Management by wandering around is a concept that supposedly derives from the management culture at Hewlett-Packard back in the Seventies. It was later popularized by business authors Tom Peters and Robert Waterman in their bestselling book, In Search of Excellence.*
The concept is also known as management by walking around, the term I prefer.
Management by walking around (MBWA) is based on the concept that unscheduled “walks” around a business allows managers to see operations as they truly are and to communicate with employees on a more informal and, often, more open level.
Coming from retail, I believe heavily in MBWA and encourage managers to practice it often. I do the same when I am onsite.
The details you will see as you walk around your business can be illuminating. From a light bulb being out to a team member sprinting around the cash wrap to open the door for an elderly client, you will see your business in its semi-raw form (it’s only truly in raw from when management is out of the building) and notice details that you would not be exposed to any other way.
Management by walking around works.
Management by Walking Around: Customer Service Style
When you incorporate a customer service focus into MBWA, you will see aspects of your customer experience that you would never have seen otherwise.
Focusing on customer service and the customer experience while walking around can enable you to see strengths and weaknesses that are not necessarily reflected in your customers’ surveys.
Let’s take a hypothetical example to see how MBWA can produce results.
Management by Walking Around Is Like a Fresh Lens
Let’s say you own or manage a mid-sized advertising agency. You decide to walk the floor about 3-5 times a day. Sometimes you are purposeful in your walking; you want to see if Mike from the art department is still at his desk at 4pm.
Other times, you walk with half-purpose, focusing on a general area of the business such as the customer experience or the physical plant.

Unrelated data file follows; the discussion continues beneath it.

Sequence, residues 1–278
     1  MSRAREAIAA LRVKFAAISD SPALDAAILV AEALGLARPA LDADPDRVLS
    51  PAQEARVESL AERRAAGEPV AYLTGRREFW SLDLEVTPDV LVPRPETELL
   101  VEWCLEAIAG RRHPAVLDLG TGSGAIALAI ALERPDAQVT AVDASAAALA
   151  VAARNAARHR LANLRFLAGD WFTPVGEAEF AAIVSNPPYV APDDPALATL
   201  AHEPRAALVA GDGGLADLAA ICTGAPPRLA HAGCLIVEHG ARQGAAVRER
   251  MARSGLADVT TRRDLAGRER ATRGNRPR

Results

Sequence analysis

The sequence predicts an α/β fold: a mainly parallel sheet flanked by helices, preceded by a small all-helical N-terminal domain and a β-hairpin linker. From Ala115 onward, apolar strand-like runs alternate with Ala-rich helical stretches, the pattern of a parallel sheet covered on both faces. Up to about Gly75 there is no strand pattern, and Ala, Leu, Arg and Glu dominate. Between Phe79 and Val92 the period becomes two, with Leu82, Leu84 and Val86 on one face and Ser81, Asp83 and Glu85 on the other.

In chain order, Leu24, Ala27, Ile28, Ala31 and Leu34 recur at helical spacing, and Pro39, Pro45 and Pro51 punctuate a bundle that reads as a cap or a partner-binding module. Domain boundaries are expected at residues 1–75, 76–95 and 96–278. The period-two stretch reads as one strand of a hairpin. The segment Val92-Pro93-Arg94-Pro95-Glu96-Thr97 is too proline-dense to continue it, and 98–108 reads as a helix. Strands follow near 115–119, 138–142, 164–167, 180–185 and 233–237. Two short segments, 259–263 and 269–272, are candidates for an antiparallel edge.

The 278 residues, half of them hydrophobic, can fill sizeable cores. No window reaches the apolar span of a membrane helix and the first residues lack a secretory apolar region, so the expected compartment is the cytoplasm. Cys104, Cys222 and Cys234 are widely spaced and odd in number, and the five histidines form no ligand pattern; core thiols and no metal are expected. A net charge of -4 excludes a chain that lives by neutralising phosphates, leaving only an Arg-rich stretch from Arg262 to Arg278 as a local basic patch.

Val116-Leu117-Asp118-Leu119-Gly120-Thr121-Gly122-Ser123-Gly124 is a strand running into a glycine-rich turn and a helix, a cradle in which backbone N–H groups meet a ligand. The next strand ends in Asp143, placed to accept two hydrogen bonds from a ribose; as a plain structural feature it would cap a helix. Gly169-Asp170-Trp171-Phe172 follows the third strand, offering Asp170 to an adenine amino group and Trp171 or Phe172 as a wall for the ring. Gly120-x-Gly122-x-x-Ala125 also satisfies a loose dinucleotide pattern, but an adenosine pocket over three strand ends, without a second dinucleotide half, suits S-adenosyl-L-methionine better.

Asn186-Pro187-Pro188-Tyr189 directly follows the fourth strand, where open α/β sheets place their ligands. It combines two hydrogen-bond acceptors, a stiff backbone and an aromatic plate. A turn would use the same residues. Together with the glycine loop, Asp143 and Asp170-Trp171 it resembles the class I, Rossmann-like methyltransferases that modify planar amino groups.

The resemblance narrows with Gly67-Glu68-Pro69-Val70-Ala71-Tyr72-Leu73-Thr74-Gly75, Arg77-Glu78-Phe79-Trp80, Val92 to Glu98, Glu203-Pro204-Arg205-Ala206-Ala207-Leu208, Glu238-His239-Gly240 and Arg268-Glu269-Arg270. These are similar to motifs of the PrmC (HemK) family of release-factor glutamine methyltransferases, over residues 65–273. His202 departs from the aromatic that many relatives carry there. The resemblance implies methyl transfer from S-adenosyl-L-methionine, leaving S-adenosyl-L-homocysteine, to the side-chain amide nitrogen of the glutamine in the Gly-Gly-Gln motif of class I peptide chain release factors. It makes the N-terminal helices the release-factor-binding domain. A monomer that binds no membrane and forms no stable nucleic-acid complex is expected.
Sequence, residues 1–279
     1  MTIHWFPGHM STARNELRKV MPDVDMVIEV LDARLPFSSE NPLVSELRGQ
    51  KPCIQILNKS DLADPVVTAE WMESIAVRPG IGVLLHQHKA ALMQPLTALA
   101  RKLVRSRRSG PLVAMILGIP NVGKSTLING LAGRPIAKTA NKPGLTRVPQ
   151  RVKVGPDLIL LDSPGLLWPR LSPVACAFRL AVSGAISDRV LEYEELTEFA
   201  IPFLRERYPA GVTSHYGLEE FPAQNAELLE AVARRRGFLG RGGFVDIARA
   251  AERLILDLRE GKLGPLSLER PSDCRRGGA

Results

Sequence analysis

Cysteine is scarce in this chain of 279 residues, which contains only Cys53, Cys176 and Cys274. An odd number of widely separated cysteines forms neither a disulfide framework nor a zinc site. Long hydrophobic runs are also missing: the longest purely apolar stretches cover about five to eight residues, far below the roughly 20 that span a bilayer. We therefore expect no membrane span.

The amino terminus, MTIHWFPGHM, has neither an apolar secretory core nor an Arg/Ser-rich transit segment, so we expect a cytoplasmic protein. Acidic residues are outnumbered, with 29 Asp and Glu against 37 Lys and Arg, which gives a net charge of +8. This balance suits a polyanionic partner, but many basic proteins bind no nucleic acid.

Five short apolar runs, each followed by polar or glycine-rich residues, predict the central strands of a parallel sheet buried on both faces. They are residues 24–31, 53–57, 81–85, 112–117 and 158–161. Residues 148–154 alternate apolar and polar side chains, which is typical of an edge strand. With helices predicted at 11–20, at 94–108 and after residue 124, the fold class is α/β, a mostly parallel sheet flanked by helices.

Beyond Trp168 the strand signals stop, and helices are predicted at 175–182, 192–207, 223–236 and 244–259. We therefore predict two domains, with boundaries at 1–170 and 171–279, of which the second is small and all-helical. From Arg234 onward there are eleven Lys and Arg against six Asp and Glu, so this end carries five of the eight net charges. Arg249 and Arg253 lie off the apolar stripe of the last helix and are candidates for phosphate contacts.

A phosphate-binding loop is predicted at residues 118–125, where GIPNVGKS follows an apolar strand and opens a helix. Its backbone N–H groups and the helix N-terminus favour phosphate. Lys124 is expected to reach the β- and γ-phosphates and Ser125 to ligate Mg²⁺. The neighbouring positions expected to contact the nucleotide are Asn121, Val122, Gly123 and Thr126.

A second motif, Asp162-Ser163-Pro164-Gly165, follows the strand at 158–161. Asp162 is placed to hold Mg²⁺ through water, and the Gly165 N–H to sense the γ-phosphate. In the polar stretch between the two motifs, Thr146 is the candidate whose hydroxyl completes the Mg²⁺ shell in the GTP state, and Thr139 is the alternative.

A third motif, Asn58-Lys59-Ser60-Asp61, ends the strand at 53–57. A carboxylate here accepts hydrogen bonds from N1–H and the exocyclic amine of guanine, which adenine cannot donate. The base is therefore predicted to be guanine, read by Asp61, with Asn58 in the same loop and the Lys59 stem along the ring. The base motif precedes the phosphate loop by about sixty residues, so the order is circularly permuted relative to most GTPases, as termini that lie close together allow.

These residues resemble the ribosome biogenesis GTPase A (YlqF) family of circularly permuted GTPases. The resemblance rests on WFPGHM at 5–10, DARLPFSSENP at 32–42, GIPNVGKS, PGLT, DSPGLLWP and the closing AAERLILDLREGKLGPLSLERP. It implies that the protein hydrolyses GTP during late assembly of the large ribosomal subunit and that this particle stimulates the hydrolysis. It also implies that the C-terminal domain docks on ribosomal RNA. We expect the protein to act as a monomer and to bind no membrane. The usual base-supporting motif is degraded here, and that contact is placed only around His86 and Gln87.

And sometimes, you walk with no purpose at all, just to see what you can see.
A week of MBWA could produce results like this:
- After overhearing a call with a client, you realize that there is more friction between the account managers and the creative team than you had been led to believe, and it is hurting clients.
- You notice that the sign in the lobby has probably not been dusted since the Carter administration. It’s funny how you never notice it as you rush to your desk every morning.
- You were able to connect in the break room with the new hire in the accounting department, and it turns out she worked for your primary competitor prior to coming to your shop. You get some good nuggets of information, establish a relationship, and start to question why the team leader that hired her did not share that intel with you.
- You see one of your designers showing a project manager why they have missed deadline, again. You jump into the conversation and discover that the costly software upgrade you were avoiding is not the luxury you thought it was. Time to make a decision.
- And unfortunately, you discover that Mike is never at his desk at 4pm. And that will be a discussion for next week.
Management by walking around is not about policing. Sure, on occasion, you will have specific items you are looking to prove or disprove. In fact, I use the term walking instead of wandering because I believe it is important to walk with purpose sometimes.
However, wandering about without a purpose is just as important. At the heart of the MBWA concept is walking with an open mind. You are not asking The Business questions and hoping it provides you answers. You are opening yourself up and letting The Business tell you what it thinks is important.
So, if you have not practiced MBWA before, give it a try for a few weeks.
On a few of your walks, try to focus your lens just on the customer experience. You will be amazed at what you see.
Have you ever tried management by walking around? Or worked for someone who used it?